Friday, January 8, 2016

Making Gmail Safe for Schools

It is important for our students to effectively and appropriately communicate and collaborate with others, and email is a valuable tool, among many, to help students do this. Schools can, and should, be an ideal environment where students can learn how to communicate digitally, which is a skill they will need for the rest of their lives.

However sometimes schools can be hesitant to turn on Gmail for their students. They may worry about who students are sending email to, and who they are receiving it from. Schools may be concerned about the content of the messages as well.

Thankfully Google Apps for Education provides several tools and features to help schools provide a safer, more controlled environment for students to use Gmail. I recently did a one-hour webinar that takes a close look at these options. To learn more you can view the recorded webinar below, check out my detailed help guide and help resources, and read through the summary in the rest of the post below.

Two quick notes though…
  • First, the level of the content in the webinar and help guide does get quite advanced. You will need administrative access to your Google Apps admin console to make the changes being described.
  • Second, some of the content is mature in nature, especially my list of “bad words”. I am providing these as a helpful resource though to make it easier for schools to roll out these settings.

Video Tutorial



My Help Resources
 Help guide - "Gmail Safety and Security for Schools"  - Google Document link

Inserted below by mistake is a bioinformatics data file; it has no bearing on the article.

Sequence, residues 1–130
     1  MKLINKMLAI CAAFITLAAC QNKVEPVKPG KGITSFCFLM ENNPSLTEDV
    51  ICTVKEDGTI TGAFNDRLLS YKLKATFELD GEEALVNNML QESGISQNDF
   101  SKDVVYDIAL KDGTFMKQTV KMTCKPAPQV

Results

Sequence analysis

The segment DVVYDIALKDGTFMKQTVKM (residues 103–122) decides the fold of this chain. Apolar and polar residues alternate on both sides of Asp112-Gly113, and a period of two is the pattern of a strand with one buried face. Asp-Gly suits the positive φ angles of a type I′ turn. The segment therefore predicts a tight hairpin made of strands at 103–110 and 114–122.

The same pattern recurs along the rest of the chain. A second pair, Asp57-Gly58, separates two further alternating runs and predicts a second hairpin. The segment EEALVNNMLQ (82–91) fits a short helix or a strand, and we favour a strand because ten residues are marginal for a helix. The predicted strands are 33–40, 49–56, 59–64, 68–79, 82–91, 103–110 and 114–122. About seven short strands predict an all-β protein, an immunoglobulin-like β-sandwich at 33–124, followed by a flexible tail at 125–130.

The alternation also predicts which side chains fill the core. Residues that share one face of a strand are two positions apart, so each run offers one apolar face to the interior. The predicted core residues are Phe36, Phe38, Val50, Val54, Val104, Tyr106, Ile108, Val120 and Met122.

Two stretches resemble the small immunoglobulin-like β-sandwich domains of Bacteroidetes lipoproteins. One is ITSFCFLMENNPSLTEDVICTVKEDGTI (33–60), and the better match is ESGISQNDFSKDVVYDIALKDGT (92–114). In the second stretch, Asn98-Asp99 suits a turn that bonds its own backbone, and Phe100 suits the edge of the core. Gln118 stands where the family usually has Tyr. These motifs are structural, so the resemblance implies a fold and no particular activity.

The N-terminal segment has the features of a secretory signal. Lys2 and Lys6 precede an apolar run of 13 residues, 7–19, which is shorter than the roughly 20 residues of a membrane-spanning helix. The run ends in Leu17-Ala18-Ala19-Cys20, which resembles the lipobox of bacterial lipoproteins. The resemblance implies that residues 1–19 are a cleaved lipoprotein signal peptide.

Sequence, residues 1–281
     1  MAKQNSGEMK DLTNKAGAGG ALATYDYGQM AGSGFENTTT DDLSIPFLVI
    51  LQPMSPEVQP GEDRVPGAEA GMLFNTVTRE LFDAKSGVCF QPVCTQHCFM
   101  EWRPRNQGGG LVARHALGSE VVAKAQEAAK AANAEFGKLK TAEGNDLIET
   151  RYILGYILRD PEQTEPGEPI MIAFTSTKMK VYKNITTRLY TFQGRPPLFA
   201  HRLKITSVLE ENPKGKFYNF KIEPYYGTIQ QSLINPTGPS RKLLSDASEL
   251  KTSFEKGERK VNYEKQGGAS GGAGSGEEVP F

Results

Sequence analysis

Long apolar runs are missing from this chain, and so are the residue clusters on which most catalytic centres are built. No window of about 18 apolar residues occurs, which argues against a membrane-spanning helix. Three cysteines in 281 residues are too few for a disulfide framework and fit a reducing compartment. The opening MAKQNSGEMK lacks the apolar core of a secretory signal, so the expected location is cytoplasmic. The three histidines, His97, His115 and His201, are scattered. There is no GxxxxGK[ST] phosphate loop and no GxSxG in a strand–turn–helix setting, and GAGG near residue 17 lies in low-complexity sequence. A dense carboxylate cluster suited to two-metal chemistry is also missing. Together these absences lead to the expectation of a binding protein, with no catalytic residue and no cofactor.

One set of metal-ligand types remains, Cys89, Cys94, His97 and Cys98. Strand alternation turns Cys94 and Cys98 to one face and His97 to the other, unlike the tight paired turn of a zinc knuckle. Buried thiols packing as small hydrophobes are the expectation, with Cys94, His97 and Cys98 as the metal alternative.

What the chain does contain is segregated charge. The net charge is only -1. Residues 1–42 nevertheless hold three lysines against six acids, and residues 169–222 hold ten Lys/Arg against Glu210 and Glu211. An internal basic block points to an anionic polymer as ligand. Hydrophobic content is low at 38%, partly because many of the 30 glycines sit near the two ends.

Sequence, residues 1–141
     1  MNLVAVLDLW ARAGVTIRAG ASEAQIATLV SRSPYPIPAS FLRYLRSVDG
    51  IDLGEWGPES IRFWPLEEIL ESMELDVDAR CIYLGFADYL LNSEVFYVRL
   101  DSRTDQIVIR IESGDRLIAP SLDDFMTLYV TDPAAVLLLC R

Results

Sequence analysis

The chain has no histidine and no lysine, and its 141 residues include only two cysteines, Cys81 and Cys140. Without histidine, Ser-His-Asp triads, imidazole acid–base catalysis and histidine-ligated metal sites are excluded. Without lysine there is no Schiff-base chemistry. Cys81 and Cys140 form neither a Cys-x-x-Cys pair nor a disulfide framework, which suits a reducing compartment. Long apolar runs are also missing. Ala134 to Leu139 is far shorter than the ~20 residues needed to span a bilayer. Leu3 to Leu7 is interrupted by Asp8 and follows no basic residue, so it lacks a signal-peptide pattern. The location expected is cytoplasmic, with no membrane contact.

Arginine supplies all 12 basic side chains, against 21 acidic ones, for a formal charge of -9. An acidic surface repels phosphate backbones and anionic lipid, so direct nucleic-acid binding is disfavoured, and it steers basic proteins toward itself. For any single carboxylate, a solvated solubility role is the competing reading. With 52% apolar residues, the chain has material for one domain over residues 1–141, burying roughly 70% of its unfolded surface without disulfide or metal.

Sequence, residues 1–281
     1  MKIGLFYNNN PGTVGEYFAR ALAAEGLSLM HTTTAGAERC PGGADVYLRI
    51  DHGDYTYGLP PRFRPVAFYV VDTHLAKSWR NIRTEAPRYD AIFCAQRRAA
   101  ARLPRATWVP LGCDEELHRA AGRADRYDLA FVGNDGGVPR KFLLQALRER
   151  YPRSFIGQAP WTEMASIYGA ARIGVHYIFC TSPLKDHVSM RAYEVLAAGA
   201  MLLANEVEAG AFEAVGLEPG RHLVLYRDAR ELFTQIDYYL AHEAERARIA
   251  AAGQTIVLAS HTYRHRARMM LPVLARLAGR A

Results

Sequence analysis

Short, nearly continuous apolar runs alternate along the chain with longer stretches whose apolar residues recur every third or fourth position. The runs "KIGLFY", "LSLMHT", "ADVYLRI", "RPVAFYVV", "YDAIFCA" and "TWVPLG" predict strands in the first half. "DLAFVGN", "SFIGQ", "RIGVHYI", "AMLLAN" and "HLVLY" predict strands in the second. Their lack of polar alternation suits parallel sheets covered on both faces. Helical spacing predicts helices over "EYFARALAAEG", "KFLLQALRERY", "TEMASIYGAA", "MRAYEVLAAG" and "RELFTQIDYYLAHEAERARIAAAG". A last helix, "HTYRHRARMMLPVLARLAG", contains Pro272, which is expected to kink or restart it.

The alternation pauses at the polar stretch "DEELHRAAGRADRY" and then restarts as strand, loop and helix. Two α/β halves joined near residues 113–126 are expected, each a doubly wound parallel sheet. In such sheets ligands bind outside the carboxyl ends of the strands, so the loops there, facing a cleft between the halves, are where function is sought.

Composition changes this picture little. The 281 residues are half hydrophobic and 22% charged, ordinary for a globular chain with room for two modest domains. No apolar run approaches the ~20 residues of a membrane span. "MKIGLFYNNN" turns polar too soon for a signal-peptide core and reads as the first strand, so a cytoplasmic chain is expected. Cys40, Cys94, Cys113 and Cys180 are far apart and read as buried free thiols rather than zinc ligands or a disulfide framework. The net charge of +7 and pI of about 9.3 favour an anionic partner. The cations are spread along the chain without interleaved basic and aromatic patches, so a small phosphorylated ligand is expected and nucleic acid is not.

Slideshow - "Gmail Safety and Security for Schools" - Google Slides link
 Sample Objectionable Word List - Google Document link

Quick Overview

Here are some of the more common things schools are able to configure for student Gmail:
  • Custom Gmail themes can be turned off.
  • Forwarding to personal email accounts can be disabled.
  • A bad word list can be enabled and emails with matching words can be rejected, modified, or quarantined.
  • Email can be limited to and from certain domains, such as allowing student to only send email within your school, or just with another school they are collaborating with.
  • Email can be limited to and from certain student groups, such as just within buildings or just within grade levels. For example you may choose not to allow 12th graders to email 1st graders.
  • Students can be blocked from sending email to your email distribution lists (your Google Groups) including groups they are members of themselves (such as a group with all middle school students).
  • Google Vault can be used to search and retrieve emails from any user in the domain, even if that user has deleted the email from their account.

And all of these rules and features can be adjusted differently for different grade levels. For example a school may want to give more email privileges for high school students than for elementary students.

With Google Apps schools have the tools to customize Gmail to best meet the needs of their students, while providing a safe environment where they can learn to responsibly use digital communication and be encouraged to collaborate with others. Now there’s no reason we can’t say to our students, “You’ve got mail!”

5 comments:

  1. Great, well formed tutorial! Thanks!

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  3. Those are the vital concerns and would favorably amount to better understanding for the students to bring every possible ideas to their mind for the future success.

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